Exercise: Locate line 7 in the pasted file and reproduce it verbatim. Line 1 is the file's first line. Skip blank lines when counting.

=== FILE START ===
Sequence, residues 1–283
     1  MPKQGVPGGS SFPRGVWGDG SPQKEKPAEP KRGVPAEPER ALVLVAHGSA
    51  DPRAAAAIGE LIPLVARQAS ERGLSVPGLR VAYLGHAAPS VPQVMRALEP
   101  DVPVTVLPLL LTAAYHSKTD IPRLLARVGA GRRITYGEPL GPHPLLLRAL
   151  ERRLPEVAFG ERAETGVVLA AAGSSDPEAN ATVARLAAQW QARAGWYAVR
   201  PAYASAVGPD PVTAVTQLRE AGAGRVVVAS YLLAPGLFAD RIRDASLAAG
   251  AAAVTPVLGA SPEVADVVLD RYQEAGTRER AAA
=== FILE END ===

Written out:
   251  AAAVTPVLGA SPEVADVVLD RYQEAGTRER AAA